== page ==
National whipping boy, Deputy Assistant Secretary of Defense for Detainee Affairs Cully Stimson, has an apologetic letter in today's Washington Post. If it was sincere, it's a handsome apology as far as it goes (it's limited to the attack on the ethics of the lawyers involved, and fails to address the not-very-veiled suggestion that their clients boycott them).
Unfortunately, there are three good reasons to question its sincerity.
An Apology to Detainees' Attorneys
Wednesday, January 17, 2007; A18
During a radio interview last week, I brought up the topic of pro bono work and habeas corpus representation of detainees in Guantanamo Bay, Cuba. Regrettably, my comments left the impression that I question the integrity of those engaged in the zealous defense of detainees in Guantanamo. I do not.
I believe firmly that a foundational principle of our legal system is that the system works best when both sides are represented by competent legal counsel. I support pro bono work, as I said in the interview. I was a criminal defense attorney in two of my three tours in the Navy Judge Advocate General's Corps. I zealously represented unpopular clients — people charged with crimes that did not make them, or their attorneys, popular in the military. I believe that our justice system requires vigorous representation.
I apologize for what I said and to those lawyers and law firms who are representing clients at Guantanamo. I hope that my record of public service makes clear that those comments do not reflect my core beliefs.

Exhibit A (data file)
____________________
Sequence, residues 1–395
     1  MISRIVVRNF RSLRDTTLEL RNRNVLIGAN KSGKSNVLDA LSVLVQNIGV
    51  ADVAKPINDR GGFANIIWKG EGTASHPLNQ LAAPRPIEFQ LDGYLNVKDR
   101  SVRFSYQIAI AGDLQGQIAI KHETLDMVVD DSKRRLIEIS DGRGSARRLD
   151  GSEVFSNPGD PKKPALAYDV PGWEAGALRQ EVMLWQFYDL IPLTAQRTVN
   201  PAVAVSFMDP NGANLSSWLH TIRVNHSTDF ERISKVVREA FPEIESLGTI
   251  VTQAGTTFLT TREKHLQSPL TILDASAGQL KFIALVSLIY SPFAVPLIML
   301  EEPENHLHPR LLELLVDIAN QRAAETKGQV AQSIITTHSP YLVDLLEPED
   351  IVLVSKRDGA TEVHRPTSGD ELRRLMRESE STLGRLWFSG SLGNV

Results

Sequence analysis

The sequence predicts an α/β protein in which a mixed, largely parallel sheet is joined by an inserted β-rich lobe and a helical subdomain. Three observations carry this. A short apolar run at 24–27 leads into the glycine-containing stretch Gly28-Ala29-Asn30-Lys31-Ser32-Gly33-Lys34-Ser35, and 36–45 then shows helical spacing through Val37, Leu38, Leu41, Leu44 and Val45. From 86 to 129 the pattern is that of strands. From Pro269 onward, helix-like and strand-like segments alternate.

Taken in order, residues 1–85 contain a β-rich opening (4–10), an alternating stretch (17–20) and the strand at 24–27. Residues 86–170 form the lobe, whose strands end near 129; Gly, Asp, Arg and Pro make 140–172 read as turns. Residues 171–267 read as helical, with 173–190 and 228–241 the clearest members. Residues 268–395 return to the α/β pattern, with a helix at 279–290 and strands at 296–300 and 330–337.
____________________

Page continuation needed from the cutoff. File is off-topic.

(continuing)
Deputy Assistant Secretary of Defense for Detainee Affairs
There are three reasons to doubt the sincerity of this letter.
First, there's the coordination: it wasn't just a slip of the tongue in a radio interview. The suggestions that institutional clients should either boycott firms which represent detainees or should pressure them to drop the cases was backed up by a Jan 12 column in the Wall Street Journal, which mentioned “A senior U.S. official I spoke to speculates that this information might cause something of scandal, since so much of the pro bono work being done … appears to be subsidized by legal fees from the Fortune 500.” Or, as one wag put it, nice law firm you got there, be a shame if anything happened to it.
Second, there's Stimson's own Defense Department's general attack on US lawyers trying to use the courts to ensure civil rights for detainees — they call it “lawfare” and discuss it as a form of aggressive action by the US's enemies. (Lawfare is sometimes defined as the strategy of using or misusing law as a substitute for traditional military means to achieve military objectives.) In other words, Stimson's comments were more or less in line with the administration's official views, views he might even have had a hand in forming.
Third, there's Stimson's facility at saying stuff that just isn't true. Does anyone actually believe that Guantanamo is “the most transparent and open location in the world” — when journalists can't interview most of the inmates, and the government has fought tooth and nail to even prevent a list of their names from being released?
I think the combination of these circumstances and the failure to address the boycott issue means that this letter doesn't close the issue. Mr. Stimson should resign. If he doesn't then Congress should hold some hearings.